From the Archives: Music During Wartime

War affected the music industry throughout the last century in a number of ways, from vinyl supplies to manufacturing facilities to the music itself. On this Memorial Day, here's a look at how music was involved via the prism of Billboard's historical archives.


Bonds and bombs typified the coverage at Billboard and the wider American media during World War II. The below cover of a winter "The Billboard" sums up the color and tone at the time. 

Go here to read the 1943 feature "Music Goes to War."

Below, some clippings covering the music industry's involvement in the war effort.



The Korean conflict lasted from 1950 to 1953. And according to this Billboard report the war meant the reinstating World-War-II-era riders into contracts.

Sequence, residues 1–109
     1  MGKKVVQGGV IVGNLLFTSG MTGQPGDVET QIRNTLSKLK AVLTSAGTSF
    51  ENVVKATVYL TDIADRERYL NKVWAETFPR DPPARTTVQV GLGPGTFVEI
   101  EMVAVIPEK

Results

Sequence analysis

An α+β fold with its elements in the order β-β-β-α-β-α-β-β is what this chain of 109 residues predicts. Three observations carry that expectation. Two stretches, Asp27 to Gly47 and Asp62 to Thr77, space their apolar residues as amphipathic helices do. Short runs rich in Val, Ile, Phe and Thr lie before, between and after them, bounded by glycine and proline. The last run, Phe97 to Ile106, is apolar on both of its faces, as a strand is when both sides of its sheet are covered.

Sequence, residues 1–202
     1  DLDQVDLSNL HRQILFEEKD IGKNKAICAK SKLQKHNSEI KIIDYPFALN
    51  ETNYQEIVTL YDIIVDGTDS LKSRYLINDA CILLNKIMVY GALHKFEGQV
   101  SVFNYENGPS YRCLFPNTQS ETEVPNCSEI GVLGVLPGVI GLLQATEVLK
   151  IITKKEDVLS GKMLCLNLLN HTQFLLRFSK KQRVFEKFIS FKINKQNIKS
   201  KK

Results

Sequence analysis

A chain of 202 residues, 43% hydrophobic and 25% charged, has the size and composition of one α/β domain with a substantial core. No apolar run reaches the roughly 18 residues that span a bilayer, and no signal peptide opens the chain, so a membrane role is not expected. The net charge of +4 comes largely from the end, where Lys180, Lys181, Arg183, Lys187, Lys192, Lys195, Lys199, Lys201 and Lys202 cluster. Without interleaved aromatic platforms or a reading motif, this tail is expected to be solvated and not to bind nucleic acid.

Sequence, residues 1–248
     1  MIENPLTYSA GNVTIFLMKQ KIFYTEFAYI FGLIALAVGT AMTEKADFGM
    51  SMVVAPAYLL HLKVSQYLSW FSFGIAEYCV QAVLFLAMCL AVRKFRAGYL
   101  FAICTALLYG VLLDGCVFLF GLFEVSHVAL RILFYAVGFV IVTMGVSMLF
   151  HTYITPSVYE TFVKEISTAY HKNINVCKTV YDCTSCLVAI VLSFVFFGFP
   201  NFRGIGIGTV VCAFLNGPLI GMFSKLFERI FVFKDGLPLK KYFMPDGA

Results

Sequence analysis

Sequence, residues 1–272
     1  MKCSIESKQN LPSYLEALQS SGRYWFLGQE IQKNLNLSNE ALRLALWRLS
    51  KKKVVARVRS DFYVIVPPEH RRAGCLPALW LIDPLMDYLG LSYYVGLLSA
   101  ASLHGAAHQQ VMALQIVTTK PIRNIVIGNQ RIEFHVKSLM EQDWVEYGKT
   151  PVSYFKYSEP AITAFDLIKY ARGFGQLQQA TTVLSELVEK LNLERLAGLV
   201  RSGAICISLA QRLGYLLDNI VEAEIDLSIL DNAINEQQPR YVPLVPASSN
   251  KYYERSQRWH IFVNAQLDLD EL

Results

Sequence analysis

Read more here.


The unprecedented reaction of Americans to the Vietnam War gave us one of the most polarizing and musically affective periods in American history. Here's a few clippings from Billboard during that protracted period of political turmoil and tumult.

You can find more here and here.



It seems, judging by the coverage in Billboard, the Gulf War's main effect on the entertainment industry was a dip in rentals at chains like Suncoast...



Electronic artist Matthew Herbert chimes in, in an interview from 2003:

Toby Keith: "Now I know I get painted with a real broad brush as this Captain America, right-wing lunatic. But the truth is, I knew there were a bunch of poor bastards that were gonna have to go into Afghanistan and give their all up for some people who killed 3,000 Americans on 9-11."